On May 7, 2011, at 2008 central daylight time, a Piper PA 46-350P airplane, N80JB, experienced an inflight fire near Chico, Texas. The airline transport pilot, the sole occupant, was not injured. The airplane sustained substantial thermal damage. The airplane was registered to and operated by Christian Air Brotherhood, Wichita Fall, Texas, under the provisions of 14 Code of Federal Regulations Part 91 as a personal flight. Visual meteorological conditions prevailed for the flight, which operated on a visual flight rules flight plan. The flight originated from Fort Worth about 1950. Use your browsers 'back' function to return to synopsisReturn to Query Page
According to a statement provided by the pilot, the airplane was in cruise flight at 4,500 feet mean sea level, when he detected a change in engine noise along with fluctuations in the engine speed. The pilot started to divert to the nearest airport, when the engine began to run rough. Shortly thereafter, the pilot smelled, and saw smoke enter the airplane cabin. The smoke increased and the pilot elected to perform a forced landing on a highway. The airplane's nose landing gear did not extend and the airplane slid to a stop on the main landing gear and fuselage nose section.
A postaccident examination of the airframe and engine was conducted by the members of the National Transportation Safety Board (NTSB), as well as technical representatives from the Piper Aircraft Company and Lycoming Engines. The examination revealed substantial damage was sustained to the airplane's forward fuselage and firewall. Distortion from heat was noted to the airplane's nose gear door, which impeded normal operation of the nose landing gear. Clamps on the turbocharger's intermediate exhaust crossover tube were found unsecured. The NTSB's fire investigator found signatures of thermal distress to the fuel flow transducer and fuel flow transducer line. No additional preimpact mechanical malfunctions or failures were found that would have precluded normal operation.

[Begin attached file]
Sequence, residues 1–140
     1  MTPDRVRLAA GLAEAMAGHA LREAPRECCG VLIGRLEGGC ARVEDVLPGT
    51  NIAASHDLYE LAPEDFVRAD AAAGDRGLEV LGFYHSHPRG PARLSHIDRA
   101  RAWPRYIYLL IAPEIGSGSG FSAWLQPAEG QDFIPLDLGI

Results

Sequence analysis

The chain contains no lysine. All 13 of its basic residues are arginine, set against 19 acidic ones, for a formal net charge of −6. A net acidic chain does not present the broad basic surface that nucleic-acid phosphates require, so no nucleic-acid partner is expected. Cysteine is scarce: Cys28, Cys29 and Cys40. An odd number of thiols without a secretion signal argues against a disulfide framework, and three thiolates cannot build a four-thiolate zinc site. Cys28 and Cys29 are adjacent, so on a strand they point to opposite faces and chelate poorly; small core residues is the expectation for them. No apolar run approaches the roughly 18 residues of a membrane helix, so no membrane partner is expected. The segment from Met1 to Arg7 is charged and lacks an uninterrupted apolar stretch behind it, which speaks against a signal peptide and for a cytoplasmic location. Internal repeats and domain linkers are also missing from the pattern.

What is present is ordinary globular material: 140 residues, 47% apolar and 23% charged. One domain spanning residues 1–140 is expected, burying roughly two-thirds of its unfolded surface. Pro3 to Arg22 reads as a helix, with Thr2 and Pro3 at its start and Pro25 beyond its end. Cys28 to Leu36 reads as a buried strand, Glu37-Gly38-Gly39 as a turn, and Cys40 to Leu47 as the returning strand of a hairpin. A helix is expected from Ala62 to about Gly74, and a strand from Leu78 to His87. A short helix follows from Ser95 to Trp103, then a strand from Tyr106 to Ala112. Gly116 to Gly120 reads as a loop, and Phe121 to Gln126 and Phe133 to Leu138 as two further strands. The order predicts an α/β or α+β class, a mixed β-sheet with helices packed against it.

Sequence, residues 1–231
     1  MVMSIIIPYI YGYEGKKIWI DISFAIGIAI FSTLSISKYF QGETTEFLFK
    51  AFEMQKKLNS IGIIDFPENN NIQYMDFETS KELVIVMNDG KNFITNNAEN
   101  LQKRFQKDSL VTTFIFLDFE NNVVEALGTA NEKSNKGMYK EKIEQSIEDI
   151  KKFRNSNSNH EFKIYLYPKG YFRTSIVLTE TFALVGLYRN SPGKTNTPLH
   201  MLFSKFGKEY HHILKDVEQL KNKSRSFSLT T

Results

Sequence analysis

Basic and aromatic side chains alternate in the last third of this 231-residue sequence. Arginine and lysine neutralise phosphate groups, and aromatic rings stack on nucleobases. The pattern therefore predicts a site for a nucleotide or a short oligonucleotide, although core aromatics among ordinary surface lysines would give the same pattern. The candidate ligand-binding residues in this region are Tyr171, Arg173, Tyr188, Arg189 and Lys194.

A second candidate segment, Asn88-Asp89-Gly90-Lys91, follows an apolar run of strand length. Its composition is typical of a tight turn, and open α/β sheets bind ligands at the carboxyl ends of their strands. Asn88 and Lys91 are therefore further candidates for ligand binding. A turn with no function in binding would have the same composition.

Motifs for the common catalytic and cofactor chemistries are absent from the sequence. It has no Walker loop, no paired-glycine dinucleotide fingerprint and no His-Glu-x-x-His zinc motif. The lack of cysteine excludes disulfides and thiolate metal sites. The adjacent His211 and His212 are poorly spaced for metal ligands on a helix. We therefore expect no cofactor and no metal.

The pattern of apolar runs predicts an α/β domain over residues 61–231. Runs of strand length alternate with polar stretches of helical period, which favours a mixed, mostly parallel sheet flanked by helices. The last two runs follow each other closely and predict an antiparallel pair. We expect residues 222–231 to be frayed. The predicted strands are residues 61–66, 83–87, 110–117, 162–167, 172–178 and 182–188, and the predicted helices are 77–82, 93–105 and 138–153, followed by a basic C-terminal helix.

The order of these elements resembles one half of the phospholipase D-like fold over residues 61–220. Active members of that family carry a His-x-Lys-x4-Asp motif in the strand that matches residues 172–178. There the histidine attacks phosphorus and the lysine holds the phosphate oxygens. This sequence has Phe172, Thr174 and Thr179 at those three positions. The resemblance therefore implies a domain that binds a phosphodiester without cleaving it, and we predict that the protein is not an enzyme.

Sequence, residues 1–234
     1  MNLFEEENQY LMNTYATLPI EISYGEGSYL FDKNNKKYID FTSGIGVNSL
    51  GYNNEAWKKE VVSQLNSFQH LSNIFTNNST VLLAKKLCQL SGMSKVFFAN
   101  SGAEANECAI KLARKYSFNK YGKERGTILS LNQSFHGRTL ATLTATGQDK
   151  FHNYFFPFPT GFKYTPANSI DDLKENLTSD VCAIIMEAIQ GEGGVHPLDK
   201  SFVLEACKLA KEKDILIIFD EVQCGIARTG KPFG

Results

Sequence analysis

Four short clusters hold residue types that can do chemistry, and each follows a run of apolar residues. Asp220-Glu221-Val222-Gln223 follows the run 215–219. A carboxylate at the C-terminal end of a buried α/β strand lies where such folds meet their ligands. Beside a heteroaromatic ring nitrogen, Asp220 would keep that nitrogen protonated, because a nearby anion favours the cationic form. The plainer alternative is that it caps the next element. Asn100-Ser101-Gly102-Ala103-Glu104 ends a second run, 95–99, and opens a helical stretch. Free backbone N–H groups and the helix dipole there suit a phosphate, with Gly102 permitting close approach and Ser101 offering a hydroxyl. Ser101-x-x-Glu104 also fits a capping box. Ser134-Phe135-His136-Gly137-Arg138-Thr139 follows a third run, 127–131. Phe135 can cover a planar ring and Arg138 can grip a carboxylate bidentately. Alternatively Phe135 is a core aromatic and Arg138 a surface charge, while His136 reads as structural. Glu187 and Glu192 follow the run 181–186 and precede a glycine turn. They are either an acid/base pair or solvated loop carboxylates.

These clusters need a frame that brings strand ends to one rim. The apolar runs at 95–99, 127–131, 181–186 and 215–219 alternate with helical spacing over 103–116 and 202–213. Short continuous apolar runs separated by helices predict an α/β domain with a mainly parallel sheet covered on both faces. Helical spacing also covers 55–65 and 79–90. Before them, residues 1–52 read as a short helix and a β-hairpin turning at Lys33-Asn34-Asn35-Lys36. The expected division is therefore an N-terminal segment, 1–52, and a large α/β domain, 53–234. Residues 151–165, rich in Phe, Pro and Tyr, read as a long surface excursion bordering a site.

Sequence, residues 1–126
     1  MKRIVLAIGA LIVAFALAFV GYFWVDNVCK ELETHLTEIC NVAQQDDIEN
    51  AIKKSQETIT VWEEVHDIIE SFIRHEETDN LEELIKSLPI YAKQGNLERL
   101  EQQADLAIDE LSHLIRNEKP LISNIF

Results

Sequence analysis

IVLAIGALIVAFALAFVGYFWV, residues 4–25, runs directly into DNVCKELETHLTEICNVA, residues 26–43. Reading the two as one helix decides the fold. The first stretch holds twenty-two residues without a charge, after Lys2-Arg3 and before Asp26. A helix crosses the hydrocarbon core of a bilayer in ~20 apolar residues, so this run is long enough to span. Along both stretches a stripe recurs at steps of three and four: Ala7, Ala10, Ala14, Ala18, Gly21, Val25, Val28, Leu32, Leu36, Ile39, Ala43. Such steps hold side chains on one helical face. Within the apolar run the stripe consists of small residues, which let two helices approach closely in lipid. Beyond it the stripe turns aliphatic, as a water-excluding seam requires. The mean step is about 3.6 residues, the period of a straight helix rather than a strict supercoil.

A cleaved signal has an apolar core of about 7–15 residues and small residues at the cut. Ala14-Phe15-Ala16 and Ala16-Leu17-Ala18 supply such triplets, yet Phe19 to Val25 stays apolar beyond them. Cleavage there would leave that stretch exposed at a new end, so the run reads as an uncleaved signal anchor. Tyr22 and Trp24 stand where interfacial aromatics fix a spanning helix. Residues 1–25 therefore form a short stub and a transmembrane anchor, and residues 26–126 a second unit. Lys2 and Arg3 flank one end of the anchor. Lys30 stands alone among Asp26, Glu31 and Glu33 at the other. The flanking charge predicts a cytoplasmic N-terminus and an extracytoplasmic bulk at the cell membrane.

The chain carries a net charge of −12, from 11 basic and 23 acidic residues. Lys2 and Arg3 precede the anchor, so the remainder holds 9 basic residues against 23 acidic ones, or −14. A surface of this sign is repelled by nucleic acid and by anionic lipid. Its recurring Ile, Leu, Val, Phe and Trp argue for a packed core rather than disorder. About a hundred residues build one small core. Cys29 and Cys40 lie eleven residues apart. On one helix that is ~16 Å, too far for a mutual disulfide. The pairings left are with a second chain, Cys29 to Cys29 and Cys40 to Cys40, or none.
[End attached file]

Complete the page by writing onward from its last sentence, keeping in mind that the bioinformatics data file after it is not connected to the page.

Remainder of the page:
A review of maintenance logbooks noted that a propeller strike had occurred in early February 2011. Repairs on the airplane were completed May 3, 2011, when the engine was removed, cleaned, and inspected. The pilot reported that the airplane had only flown four to five hours since the airplane had been returned to service.